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  • 2/7/2011

Seals and Sealings in Iranian History

part 3


Another region of the eastern Iranian lands where evidence of seals has recently increased, thanks to the discovery of seal-impressions, is Sogdiana.

 A comprehensive study of Sogdian seals has yet to be undertaken, and, apart from the sealings, knowledge of these materials is due mainly to a small corpus of inscribed seals (Abdullaev and Raimkulov, 1994; Livshits, 2000) and to two gems found in the northwest of the Indian subcontinent (Callieri, 1997, p. 131); several unpublished Sogdian gems and metal seals are also said to be in the Oriental Department of the Hermitage Museum (Livshits, 2000, p. 48). The presence of a Sogdian inscription, however, is in itself proof of a Sogdian origin only if the image and the inscription are homogeneous in technique and linked in composition; two gems with Sogdian inscriptions in the Indian Museum and in the British Museum belong to the same group of Hunnish gems that are more likely to have been engraved in the Indo-Iranian frontier area (see above). At the same time, the sealings from Mount Mugh (q.v. at iranica.com) Kanka (Bogomolov and Burjakov, 1995), Paikend (Semenov, 2001), and Kafir Kala (Cazzoli and Cereti, 2005), dating to various ages despite the fact that they were found in seventh or eighth-century C.E. contexts, evidence the circulation in Sogdiana and ??? (q.v.) of gems of various provenance, from the Hellenistic East to Sasanian Iran. However, the extremely naturalistic traits which characterize stylistically a few intaglios with portrait busts, present both at Kanka and Kafir Kala, and which differ from the groups found in Bactria, in the northwest, or in Sasanian Iran, suggest the existence of a highly refined gem production which further study might possibly attribute to Sogdiana.

In the case of the Tarim basin, too, a comprehensive study of the seals is still wanting. Local glyptic output includes stone, metal, bone, and glass seals and shows how the region was open to the influence of the surrounding cultures (Maillard, 1977). Largely of circular and lozenge shape, the seals of this area display animal iconography, showing the important role of the nomadic culture, along with human figures influenced by the Iranian and Hellenistic worlds; the latter makes itself felt particularly at Niya and Hotan (Khotan), both with gems imported from the Mediterranean area and those produced in Hellenistic workshops in Asia. Sealings were often present on the many containers and documents that were preserved by the dry climate (Stein, 1912; Andrews, 1935).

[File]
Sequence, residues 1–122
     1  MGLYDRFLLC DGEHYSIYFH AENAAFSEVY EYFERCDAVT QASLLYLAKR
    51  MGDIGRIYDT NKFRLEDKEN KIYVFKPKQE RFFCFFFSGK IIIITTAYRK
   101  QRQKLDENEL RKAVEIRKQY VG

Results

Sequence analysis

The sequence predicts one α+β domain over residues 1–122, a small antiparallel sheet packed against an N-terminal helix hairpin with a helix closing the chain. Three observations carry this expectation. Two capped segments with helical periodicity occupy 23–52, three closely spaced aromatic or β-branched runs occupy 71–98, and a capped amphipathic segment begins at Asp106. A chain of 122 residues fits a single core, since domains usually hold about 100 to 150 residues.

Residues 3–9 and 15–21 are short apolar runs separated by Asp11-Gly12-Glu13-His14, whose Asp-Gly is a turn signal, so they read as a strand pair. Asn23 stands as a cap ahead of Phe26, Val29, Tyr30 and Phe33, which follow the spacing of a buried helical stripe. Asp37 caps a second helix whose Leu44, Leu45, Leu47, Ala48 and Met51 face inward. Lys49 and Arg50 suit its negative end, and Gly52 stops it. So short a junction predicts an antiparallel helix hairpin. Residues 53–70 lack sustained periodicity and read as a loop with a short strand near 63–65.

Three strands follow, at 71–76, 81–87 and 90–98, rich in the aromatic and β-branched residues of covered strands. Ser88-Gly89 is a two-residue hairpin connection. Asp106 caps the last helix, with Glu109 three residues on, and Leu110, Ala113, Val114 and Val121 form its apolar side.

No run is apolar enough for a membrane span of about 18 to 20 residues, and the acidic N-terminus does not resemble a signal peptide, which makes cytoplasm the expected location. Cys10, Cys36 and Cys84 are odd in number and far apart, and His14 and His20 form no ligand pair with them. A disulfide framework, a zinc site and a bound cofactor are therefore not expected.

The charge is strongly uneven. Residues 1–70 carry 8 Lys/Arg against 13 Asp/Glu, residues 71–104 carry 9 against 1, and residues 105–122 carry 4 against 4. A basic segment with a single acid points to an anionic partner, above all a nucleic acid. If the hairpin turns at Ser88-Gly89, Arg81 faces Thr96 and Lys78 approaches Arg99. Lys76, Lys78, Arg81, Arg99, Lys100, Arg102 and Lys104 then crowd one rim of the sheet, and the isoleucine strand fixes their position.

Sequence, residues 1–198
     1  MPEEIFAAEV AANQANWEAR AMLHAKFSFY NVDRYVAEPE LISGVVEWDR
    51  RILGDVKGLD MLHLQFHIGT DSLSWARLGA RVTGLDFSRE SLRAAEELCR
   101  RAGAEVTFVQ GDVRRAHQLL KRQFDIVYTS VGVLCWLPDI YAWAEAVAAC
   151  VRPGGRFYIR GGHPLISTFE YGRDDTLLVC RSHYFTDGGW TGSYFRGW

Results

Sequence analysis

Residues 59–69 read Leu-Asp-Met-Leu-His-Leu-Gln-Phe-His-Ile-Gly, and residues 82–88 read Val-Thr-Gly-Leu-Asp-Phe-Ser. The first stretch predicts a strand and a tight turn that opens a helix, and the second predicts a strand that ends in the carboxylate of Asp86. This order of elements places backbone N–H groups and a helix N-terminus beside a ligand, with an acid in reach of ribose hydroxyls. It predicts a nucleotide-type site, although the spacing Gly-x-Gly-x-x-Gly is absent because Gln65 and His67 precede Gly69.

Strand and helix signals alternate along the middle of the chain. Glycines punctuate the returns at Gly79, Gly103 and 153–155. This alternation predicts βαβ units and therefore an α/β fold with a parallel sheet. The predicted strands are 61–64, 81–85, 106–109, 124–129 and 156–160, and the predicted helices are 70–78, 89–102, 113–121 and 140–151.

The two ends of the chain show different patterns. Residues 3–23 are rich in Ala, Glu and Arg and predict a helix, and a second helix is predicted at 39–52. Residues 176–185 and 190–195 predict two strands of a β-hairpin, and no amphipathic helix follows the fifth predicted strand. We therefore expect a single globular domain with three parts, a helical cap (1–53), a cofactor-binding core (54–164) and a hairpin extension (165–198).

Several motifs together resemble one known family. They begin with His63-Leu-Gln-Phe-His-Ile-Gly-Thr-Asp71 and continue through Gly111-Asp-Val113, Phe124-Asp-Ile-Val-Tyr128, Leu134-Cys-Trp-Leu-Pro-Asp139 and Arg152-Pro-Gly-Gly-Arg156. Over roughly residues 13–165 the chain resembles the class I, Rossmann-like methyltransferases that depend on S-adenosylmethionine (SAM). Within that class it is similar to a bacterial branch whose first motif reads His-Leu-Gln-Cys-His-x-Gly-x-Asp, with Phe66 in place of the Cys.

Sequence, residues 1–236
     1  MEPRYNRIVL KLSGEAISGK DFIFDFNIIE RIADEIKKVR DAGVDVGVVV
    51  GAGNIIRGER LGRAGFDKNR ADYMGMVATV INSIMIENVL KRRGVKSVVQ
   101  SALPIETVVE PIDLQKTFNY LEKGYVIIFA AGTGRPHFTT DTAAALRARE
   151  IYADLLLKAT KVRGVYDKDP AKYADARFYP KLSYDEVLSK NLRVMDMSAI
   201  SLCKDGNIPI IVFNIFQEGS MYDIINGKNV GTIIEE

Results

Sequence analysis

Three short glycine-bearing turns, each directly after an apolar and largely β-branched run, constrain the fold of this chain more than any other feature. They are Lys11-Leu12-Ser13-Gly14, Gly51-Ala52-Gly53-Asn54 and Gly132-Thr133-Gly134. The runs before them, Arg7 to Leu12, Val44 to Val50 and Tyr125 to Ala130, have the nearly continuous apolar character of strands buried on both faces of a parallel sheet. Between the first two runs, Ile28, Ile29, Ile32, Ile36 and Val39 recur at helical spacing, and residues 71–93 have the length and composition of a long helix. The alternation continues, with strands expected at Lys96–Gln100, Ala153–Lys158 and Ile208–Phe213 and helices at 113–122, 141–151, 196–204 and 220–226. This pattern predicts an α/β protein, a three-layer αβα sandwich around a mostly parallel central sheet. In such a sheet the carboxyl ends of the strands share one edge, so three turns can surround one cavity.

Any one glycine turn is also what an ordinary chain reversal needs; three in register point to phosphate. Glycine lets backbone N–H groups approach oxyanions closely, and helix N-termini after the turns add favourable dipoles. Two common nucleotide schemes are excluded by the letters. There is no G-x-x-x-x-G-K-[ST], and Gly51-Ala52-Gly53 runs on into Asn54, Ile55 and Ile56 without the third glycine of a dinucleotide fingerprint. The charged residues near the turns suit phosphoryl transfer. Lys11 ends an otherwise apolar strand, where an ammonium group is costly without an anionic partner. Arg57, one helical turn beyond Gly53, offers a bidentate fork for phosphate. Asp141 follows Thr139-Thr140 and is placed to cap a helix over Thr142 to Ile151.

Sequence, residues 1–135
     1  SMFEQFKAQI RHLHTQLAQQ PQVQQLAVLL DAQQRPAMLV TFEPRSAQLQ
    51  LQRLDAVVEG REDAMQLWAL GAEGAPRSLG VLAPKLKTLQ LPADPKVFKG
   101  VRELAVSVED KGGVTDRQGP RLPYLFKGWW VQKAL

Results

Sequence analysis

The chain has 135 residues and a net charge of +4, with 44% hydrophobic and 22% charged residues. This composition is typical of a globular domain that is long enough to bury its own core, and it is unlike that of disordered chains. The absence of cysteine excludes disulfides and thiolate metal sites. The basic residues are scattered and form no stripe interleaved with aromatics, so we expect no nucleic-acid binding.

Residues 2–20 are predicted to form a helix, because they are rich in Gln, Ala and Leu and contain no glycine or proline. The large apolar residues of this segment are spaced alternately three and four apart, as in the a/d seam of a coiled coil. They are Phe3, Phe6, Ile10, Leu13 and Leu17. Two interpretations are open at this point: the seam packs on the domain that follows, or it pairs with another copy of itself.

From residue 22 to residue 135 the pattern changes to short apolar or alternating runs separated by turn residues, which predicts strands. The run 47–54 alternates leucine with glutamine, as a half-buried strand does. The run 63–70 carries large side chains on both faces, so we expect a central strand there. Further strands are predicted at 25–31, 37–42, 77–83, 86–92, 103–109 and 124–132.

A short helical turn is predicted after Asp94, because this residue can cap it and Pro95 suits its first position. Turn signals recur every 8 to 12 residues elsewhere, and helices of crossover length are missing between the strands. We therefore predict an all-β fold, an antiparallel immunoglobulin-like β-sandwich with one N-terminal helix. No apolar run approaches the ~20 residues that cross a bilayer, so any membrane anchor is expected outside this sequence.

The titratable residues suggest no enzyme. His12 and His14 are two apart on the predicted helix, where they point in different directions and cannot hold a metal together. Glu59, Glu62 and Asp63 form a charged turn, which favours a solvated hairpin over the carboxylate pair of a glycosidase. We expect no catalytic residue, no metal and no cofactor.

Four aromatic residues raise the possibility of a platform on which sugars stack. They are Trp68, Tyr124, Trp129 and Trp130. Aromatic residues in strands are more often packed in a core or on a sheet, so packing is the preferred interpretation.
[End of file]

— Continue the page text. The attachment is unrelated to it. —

PLATE 1. Cat 7.17 (after Callieri, 1997) PM, Sir John Marshall’s Collection. Ring bezel. Ba. Agate with beige and brown bands, blemished; whole. L. 20 x 16 Kashan king (?) on horseback in profile to the right, the stationary horse turned slightly to the right. The bearded rider’s facial features are detailed; he wears a tunic and wide trousers and on his head is a tall, three-pointed diadem with two long streamers hanging down the back. He holds the reins and his feet seem to be in stirrups (?). The treatment of the horse’s body is also detailed. Behind the head, top left, is a monogram, top right a Kharo??h? inscription consisting of three characters reading from the outside: I?harva, ‘I?harva’; and centre right a Kushan tamgha.

PLATE 2. Cat 7.24 (after Callieri, 1997) PM, Sir John Marshall’s Collection. Ring bezel, probably trapezoid in section. E6a? Honey-colored chalcedony; whole. L. 9.5 x 8; base: 1. 12 x 11. Male bust in profile to right, the frontal upper body rendered by three roughly circular segments. A narrow beard frames the face and the features are summary. The hairstyle shows a raised band (curls?) on the forehead.

PLATE 3. Cat 7.34 (after Callieri, 1997) PM, Sir John Marshall’s Collection. Ring bezel. Ba. Cornelian; whole. L. 12 x 10.5. Male bust in profile to right, the frontal upper body rendered by four roughly circular segments. The facial features are detailed and there is a raised band of hair round the head. An earring hangs from a bar, and the tunic has a high neckline.

PLATE 4. Cat 7.42 (after Callieri, 1997) PM, Sir John Marshall’s Collection. Ring bezel. Ca. Garnet; whole. L. 17 x 13.5. Male bust, frontal but turned slightly to the right, the right arm passing front of the body and holding an open flower to the right of the face. The eyebrows are long, the eyes open, the straight nose starts high on the forehead, the moustache is long and thin, the hatched hair forms round the forehead a curved band that seems much wider that the face. A diadem with three three-pointed elements (flowers?) crowns the centre of the forehead. The tunic with high round neckline and vertical folds reveals the characteristic polygonal segments of the upper body, partly concealed by the arm. To the right of the face, above the flower, is a tamgha, and to the left a Bactrian inscription: Bando, a personal name?

PLATE 5. Cat 8.1 (after Callieri, 1997) PM, Sir John Marshall’s Collection. Ring bezel. Eb. Amber-coloured chalcedony; rim slightly chipped. Diam. 14. An apparently girdled male figure in profile to left moves, left leg and right arm forward, towards a winged horse in profile to right. The body of the horse is well modeled and its head lowered. Sogdian characters, above prn, below ?r(y), Farnvare, ’bringing fortune’ (presumably personal name).


Other Links:

How Women Applied Makeup 3000 Years Ago: Part 1

How Women Applied Makeup 3000 Years Ago: Part 2

Kabisa: part 1

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